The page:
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By Faizel Patel

Senior Digital Journalist

Corruption Watch refutes Ramaphosa’s claim of declining corruption

Ramaphosa said "commentators like Corruption Watch have said that during this term, they have seen incidents of corruption going down".

Corruption Watch has refuted President Cyril Ramaphosa’s claim that corruption has gone down under his watch.

Ramaphosa made the remarks in a wide-ranging interview with 702 on Tuesday in the context of listing his administration’s anti-corruption “successes” and institutional reforms.

The president said “commentators like Corruption Watch have said that during this term, they have seen incidents of corruption going down”.

He said the government has “learned a lot of lessons over time” about corruption and how to deal with it.

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Corruption Watch “objects to being referenced in this way as part of an electioneering campaign”.

The organisation emphasised that the number of reports it receives or the research it does is in no way a conclusive overview of the entire corruption situation in South Africa but is merely one facet of the whole.

Karam Singh, executive director of Corruption Watch said there are many factors at “play when we speak about reports and trends of corruption in South Africa”.

“While the number of reports received by our organisation may have declined in recent years, this is in no way a reflection of either the state of corruption in the country, or the progress in fighting it.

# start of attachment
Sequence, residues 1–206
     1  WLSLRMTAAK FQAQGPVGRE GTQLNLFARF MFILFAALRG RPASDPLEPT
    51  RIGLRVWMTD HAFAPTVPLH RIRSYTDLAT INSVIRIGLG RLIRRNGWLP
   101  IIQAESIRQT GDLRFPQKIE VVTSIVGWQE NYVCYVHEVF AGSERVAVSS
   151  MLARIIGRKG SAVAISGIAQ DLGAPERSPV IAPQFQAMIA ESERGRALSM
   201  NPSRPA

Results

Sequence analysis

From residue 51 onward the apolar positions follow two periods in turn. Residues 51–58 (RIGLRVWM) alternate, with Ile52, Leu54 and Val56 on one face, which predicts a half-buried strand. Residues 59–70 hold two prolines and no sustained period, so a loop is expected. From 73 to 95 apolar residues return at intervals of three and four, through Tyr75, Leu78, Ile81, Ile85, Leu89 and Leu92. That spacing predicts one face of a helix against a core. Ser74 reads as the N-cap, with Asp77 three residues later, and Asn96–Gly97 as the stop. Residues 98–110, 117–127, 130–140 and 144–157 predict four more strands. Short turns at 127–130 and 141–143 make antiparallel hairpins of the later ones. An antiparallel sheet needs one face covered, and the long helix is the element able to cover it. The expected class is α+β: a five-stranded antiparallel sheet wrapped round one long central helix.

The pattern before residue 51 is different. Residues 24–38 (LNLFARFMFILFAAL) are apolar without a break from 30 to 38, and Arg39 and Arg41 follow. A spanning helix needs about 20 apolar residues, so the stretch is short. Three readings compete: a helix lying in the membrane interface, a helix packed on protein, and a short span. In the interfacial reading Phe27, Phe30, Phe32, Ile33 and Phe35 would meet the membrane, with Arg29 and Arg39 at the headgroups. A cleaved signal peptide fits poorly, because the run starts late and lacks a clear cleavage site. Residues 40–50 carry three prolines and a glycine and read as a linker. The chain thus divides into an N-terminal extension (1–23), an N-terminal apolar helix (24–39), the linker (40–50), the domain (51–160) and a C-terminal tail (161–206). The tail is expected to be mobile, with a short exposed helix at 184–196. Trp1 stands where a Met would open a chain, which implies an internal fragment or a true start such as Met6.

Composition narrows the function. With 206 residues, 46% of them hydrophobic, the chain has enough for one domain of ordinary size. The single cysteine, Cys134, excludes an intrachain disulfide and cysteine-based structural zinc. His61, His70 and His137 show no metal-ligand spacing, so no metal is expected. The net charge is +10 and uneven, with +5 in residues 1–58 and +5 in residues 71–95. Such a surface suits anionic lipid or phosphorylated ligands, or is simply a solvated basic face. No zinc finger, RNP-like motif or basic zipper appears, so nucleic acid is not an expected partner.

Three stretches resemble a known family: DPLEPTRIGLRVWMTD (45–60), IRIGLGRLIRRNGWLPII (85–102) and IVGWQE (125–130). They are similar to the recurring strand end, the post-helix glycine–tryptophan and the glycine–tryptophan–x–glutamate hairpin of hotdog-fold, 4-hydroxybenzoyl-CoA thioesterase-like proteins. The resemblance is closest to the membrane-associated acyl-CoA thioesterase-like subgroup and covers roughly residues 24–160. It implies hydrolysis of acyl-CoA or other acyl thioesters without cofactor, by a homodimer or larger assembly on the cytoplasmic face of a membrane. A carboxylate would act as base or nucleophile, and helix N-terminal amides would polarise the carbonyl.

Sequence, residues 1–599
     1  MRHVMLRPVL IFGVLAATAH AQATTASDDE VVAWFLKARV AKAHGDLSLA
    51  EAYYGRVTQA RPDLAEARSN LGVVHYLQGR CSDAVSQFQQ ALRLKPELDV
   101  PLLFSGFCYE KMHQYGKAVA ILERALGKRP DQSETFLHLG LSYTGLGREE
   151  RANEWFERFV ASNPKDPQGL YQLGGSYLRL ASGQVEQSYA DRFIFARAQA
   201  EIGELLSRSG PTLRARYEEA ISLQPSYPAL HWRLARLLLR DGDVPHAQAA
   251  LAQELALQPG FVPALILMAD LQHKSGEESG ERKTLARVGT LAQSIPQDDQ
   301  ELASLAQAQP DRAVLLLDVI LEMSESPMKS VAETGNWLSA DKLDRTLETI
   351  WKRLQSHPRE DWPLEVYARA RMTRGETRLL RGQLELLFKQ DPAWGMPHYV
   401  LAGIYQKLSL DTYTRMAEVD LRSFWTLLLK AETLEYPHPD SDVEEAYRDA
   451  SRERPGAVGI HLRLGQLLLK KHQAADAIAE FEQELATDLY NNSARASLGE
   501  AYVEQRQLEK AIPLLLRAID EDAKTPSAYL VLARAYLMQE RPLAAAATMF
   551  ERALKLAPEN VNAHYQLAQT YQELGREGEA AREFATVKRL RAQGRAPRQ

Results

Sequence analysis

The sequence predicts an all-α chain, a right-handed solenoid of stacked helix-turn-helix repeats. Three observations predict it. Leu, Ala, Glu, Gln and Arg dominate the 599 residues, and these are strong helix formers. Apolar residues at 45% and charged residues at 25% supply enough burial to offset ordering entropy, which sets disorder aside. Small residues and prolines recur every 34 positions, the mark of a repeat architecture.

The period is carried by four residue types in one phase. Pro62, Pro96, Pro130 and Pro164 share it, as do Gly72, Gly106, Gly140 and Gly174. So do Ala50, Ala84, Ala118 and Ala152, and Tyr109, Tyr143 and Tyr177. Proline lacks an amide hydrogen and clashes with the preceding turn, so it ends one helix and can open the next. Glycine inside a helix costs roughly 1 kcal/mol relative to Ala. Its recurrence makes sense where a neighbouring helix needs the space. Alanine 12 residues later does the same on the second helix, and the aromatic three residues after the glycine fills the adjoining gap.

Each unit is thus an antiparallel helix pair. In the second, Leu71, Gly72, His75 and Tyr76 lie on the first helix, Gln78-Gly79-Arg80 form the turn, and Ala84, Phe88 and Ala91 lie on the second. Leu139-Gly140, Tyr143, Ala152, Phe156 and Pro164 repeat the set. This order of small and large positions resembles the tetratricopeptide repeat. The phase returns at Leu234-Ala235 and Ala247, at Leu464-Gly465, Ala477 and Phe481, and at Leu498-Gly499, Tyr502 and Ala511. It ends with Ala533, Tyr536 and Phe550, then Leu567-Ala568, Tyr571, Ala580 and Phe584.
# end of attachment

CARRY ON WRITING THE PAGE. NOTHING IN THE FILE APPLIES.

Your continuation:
“On the contrary, it would be safe to say that the levels of corruption have been on an upward trajectory for over a decade, as evidenced in tools such as the Corruption Perceptions Index, and that despite the numerous organisations and institutions now doing their best to tackle the problem, the battle has not been won,” said Singh.

False information ahead of elections

Corruption Watch recently issued an opinion piece on the issue of mis/dis-information being used for political ends, titled ‘Elections and the Dirty Game of Disinformation’.

The article, it said, makes clear the ways in which organisations with strong anti-corruption profiles, such as Corruption Watch, can find their names and information being misused to peddle narratives that are self-serving and lack credibility.

“It references a specific example in which a user on X distorted figures and content from the 2023 annual report, presenting this disinformation as having been generated by Corruption Watch, with the aim of demonstrating that corruption cases had dropped during the current administration,” it said.

“Corruption Watch takes seriously its role as an independent anti-corruption civil society organisation and will continue to be vigilant in debunking messages of this nature that attempt to distort its work and co-opt its name for political gain,” the organisation said.

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